Rising Temperatures Put India’s Elderly Population at Risk, Says Report

MUMBAI — India’s elderly population is at increased risk of death because of rising temperatures as a result of climate change, a new report states.

The country recorded an estimated 31,000 heat-related deaths among people over age 65 in 2018, according to the The Lancet Countdown on Health and Climate Change, which tracks 43 indicators on links between health and climate change. India, with nearly 62,000 heat-related deaths, ranked second after China.

“Exposure to high temperatures and heatwaves results in a range of negative health impacts, from morbidity and mortality due to heat stress and heatstroke to exacerbations of cardiovascular and respiratory disease,” the report states. “The worst affected are those older than 65 years, those with disabilities or pre-existing medical conditions, those working outdoors or in non-cooled environments, and those living in regions already at the limits for human habitation.”

The report estimates that the global average heat-related mortality per year in people older than 65 increased by 53.7 percent from 2000–2004 to 2014–2018, with a total of 296,000 deaths in 2018.

“Climate change drives a cruel wedge which widens existing health inequalities between and within countries,” professor Hugh Montgomery, Lancet Countdown co-chair and director of the Centre for Human Health and Performance at University College London, said in a media statement. “Our report shows that — just as for Covid-19 — older people are particularly vulnerable, and those with a range of pre-existing conditions including asthma and diabetes are at even greater risk.”

Livelihoods are at risk as heat is increasingly affecting people’s ability to work outdoors in developing regions, with significant economic implications, according to the report. Loss of productivity was recorded across regions, with India accounting for 40 percent of the total 302 billion work hours lost.

“Heatwaves have increased in numbers, frequency, and duration in recent years and this does not bode well for a largely agrarian economy,” said Poornima Prabhakaran, head of environmental health at the Public Health Foundation of India. “The direct and indirect impacts of heatwaves on our crop yield, crop maturation, and nutrition security and diversity can be manifold.”

Prabhakaran said that in a year that laid bare huge gaps in the public healthcare infrastructure and preparedness to deal with the global pandemic, it is important to be reminded of the other threat multiplier — climate change.

“Ensuring the alignment of climate adaptation and pandemic recovery plans, where efficient decoupling of economic development and climate mitigation are addressed, will set India on a path to green and health recovery in the post-pandemic world.”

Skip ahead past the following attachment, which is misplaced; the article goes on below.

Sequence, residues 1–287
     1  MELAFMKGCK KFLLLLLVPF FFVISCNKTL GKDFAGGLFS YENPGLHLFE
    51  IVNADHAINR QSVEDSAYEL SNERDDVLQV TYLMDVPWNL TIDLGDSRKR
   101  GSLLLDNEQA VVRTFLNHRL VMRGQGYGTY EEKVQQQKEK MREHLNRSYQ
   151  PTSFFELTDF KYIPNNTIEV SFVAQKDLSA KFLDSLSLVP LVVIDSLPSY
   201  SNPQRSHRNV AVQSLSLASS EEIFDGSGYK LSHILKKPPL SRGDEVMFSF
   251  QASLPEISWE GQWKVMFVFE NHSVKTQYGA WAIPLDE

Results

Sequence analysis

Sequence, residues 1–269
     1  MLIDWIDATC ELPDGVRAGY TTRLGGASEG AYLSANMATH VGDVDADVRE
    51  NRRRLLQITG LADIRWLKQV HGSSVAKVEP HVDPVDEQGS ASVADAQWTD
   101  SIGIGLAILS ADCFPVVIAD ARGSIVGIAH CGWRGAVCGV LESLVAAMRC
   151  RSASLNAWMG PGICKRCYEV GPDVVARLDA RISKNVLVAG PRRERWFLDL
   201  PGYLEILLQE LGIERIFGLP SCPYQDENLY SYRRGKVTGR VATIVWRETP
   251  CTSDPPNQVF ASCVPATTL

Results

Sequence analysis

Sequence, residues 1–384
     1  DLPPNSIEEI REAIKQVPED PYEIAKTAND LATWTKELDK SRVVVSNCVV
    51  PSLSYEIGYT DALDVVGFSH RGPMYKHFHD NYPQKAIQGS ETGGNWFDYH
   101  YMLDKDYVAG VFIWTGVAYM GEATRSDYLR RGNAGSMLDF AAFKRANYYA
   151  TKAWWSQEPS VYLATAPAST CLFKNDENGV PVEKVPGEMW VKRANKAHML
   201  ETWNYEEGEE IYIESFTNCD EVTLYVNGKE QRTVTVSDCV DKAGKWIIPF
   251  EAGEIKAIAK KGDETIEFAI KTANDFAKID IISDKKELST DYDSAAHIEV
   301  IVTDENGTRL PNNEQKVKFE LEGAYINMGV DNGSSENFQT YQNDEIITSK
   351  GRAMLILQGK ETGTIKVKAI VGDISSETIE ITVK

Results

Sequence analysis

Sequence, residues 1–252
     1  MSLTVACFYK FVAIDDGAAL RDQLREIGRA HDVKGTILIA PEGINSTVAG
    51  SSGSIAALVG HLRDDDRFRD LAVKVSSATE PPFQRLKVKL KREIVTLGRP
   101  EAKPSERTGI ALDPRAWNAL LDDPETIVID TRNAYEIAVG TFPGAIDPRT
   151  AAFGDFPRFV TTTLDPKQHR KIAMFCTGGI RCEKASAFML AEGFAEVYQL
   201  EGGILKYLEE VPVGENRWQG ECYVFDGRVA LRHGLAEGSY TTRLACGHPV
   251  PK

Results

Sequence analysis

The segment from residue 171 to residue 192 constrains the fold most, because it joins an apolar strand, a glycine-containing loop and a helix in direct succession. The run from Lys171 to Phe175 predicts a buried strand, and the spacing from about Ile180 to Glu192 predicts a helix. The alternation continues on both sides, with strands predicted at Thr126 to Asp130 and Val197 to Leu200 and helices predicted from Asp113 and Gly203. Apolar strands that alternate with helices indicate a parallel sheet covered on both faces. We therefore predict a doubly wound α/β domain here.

The report states that heat and drought are driving sharp increases in exposure to wildfires, resulting in burns, heart and lung damage from smoke, and the displacement of communities.

“Excessive heat sets off dehydration in the body,” said Mumbai-based Dr. Hemant Gupta. “In the elderly, the blood vessels are already stiff or thick, and as bloody fluid reduces with dehydration, these cells can clamp and cause a blockage. This puts the person at risk of stroke or cardiac arrest.

“Exposure to excessive heat leads to loss of sodium and potassium from the body. Excessive loss of potassium is known as hypokalemia, which can be life-threatening,” said Gupta.

Heat-related morbidity and mortality rise during summers. “We treat cases of heatstrokes and dehydration as emergencies,” said Dr. Anil Barkul, a physician based in the drought-prone Beed district of Maharashtra state. The summer temperatures in Beed often exceed 40 degrees Celsius (104 degrees Fahrenheit).

“We immediately provide a cool atmosphere to such patients, give them cold sponging to bring down the body temperature and administer them electrolytes and fluids orally or intravenously depending on the patient’s condition.”

The authors of the Lancet report state that the public health and financial effects of Covid-19 will be felt for years to come, and efforts to protect and rebuild local communities and national economies will need to be robust and sustained.

“The window of opportunity is narrow, and, if the response to Covid-19 is not fully and directly aligned with national climate change strategies, the world will be unable to meet its commitments under the Paris Agreement, damaging health and health systems today, and in the future,” the authors said.

“A critical area for future action would be a convergence of action and financing for climate-related impacts on both health and public health infrastructure,” said Prabhakaran. “Building climate-resilient and sustainable public health infrastructure to handle the growing acute climatic events and their consequences in India should be an important focus of pandemic recovery and rebuilding.”

According to Prabhakaran, India’s National Program for Climate Change and Human Health is working toward a framework for issue-based health adaptation plans based on vulnerability assessments of the country’s diverse geo-climatic zones.

“The Heat Action Plan developed by the Indian Institute of Public Health in Gandhinagar following the deadly heatwaves in 2014 was a classic example of successful inter-sectoral action that helped reduced mortality in subsequent years. Identification of regional hotspots and development of local city- level heat adaptation plans are key,” she said.

(Edited by Uttaran Das Gupta and Judith Isacoff)

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